From a short man weighing twice what he should, came a squeaky voice, “I told you to call me Fred. I like burritos and the cops don’t even know this place exists. How many you got for me this week?”
“No small talk today? Okay, right to business. I have ten, almost new, heavy duty ones. That’s $3,750 to me. When are you gonna to pay more than one-fourth retail?”
“Maybe when you call me Fred and I get more money for them. And when you stop griping about my lunch. I’m getting some new requests for them, so I could use maybe two hundred more, but not all at once.”
“Ohhh, gonna cost you more…”
“Always a pleasure, Freddy.” Nate sauntered off smiling. Every week, the conversation was a variation on a theme with Freddy. Maneuvering past piles of DVD players and other electronics, he called back, “Next time maybe I bring you some burritos that don’t need microwaved and maybe you pay me a little more, huh?”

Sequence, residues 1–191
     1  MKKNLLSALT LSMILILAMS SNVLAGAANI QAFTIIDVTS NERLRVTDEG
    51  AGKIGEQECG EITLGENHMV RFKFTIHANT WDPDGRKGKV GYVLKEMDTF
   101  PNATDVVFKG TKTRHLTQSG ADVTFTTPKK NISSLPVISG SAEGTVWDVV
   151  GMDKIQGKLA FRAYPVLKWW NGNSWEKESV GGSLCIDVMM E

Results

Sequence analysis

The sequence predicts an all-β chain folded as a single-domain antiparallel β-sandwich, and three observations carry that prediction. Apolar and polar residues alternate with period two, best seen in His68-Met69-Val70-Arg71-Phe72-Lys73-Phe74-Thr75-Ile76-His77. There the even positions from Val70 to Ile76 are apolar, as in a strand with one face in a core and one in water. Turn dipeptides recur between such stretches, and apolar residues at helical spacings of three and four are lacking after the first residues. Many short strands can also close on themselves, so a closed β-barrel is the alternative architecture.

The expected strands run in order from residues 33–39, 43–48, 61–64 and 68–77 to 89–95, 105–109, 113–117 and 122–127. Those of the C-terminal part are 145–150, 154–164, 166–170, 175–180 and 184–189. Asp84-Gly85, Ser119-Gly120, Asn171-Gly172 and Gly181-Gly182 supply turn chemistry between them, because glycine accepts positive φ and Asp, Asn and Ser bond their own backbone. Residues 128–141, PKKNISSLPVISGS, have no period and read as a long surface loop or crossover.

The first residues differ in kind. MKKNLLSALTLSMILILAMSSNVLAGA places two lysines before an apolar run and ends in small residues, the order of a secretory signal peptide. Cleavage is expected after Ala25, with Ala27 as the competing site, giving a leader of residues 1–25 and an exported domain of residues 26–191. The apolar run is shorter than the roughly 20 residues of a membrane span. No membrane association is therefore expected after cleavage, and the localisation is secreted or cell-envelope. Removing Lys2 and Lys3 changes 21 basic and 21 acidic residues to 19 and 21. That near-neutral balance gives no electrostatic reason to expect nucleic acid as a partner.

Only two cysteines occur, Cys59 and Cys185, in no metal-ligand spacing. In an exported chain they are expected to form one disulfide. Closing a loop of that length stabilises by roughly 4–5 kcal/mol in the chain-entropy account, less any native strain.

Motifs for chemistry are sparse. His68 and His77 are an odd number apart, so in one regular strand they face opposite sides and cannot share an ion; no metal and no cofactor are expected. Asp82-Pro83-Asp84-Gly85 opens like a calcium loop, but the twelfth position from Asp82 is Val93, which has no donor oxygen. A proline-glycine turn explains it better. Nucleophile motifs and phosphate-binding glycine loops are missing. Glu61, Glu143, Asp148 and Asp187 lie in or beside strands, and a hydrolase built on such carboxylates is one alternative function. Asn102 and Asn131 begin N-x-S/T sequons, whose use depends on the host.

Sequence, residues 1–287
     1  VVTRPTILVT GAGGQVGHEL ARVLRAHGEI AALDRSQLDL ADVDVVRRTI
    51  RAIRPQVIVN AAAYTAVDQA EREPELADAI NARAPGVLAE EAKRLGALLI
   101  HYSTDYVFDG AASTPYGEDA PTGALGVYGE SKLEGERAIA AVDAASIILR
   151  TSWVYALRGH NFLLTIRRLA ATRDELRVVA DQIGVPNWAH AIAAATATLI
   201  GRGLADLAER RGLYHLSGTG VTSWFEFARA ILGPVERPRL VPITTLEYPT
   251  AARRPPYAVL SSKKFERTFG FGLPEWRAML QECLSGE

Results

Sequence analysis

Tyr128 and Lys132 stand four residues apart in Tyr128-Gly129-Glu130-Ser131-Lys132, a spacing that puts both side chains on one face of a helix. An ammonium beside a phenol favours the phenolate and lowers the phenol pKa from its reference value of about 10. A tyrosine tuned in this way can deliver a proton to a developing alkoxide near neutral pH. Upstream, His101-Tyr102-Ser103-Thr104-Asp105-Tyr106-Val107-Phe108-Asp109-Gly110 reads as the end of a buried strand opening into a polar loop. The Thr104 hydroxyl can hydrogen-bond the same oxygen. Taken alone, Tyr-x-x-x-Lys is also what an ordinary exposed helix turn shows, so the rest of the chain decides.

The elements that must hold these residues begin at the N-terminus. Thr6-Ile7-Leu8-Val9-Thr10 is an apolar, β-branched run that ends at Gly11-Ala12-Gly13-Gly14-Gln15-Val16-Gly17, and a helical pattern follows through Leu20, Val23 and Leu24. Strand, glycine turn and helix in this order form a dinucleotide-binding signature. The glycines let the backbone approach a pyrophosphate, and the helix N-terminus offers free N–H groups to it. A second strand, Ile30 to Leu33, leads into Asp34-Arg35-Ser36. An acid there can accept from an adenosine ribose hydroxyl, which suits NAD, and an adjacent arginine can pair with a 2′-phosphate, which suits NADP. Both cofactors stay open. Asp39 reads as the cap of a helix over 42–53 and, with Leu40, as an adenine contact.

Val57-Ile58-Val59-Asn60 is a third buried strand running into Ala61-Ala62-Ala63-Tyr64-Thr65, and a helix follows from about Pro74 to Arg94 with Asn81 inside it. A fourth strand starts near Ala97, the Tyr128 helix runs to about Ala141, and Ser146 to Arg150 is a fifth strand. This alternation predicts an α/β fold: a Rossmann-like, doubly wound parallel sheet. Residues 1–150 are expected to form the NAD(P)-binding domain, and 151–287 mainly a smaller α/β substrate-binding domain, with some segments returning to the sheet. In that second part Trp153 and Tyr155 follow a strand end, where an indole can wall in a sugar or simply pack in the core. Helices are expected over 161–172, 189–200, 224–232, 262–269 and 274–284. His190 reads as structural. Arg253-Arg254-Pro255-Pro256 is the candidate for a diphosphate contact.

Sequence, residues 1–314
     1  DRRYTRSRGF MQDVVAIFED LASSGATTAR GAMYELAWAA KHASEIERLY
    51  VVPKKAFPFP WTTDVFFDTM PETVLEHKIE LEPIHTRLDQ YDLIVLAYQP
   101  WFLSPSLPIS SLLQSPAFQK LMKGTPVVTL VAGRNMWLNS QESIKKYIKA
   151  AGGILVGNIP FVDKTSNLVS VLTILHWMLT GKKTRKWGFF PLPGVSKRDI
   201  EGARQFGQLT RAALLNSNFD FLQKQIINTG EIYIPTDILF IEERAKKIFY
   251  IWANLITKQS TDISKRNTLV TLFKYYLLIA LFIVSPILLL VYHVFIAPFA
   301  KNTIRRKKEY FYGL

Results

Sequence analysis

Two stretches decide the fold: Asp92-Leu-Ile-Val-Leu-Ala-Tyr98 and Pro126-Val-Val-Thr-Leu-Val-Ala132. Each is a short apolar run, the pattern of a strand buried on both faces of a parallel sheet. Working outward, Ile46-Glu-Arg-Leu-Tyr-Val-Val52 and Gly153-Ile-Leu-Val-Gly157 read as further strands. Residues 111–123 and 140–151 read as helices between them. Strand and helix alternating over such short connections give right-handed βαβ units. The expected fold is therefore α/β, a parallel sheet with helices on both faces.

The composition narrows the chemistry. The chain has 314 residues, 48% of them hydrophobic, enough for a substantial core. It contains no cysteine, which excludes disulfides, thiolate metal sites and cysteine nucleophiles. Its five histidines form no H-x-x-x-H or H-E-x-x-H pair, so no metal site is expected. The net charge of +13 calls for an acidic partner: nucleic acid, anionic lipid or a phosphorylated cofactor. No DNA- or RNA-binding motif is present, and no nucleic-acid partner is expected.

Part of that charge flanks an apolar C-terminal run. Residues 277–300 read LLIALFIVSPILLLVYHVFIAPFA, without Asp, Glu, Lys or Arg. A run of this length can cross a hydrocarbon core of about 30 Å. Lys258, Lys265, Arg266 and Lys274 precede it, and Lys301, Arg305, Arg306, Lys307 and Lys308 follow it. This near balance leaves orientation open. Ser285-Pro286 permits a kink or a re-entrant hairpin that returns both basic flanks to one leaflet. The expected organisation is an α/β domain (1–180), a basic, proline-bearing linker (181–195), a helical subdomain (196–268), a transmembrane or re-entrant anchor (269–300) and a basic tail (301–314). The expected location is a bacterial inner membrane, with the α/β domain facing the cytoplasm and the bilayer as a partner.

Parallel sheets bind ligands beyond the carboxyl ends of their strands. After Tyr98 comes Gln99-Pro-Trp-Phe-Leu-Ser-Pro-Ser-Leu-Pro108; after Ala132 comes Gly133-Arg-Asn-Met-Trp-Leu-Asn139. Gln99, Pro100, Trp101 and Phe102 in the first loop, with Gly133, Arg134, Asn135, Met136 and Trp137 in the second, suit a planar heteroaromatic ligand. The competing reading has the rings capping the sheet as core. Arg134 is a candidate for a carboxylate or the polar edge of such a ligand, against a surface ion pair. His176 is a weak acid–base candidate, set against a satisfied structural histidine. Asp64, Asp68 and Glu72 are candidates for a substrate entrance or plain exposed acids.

Nate was laughing and joking around with other employees at a checkout lane when he caught a glimpse of the store manager smiling at him. Last week he overheard the regional manager asking about the chatty new bagger that the associates and that the customers liked.
Nate was pulled out of his reverie by the manager’s voice. “Nate, please round up the carts in the parking lot. I ordered forty new ones two weeks ago but there are never any in the store ready for customer’s use.”
“I did that five minutes ago, but I’ll be happy to do it again, soon as I finish up here,” Nate said. Nate loaded the bagged-up groceries into a cart and turned to the elderly patron. “Here, let me take these out for you. It’s a beautiful day. You’ll be doing me a favor.”
With a smile, he was out the door and pushing $60 worth of groceries in a $1,500 shopping cart. This cart would make six in his van. It was going to be another good week.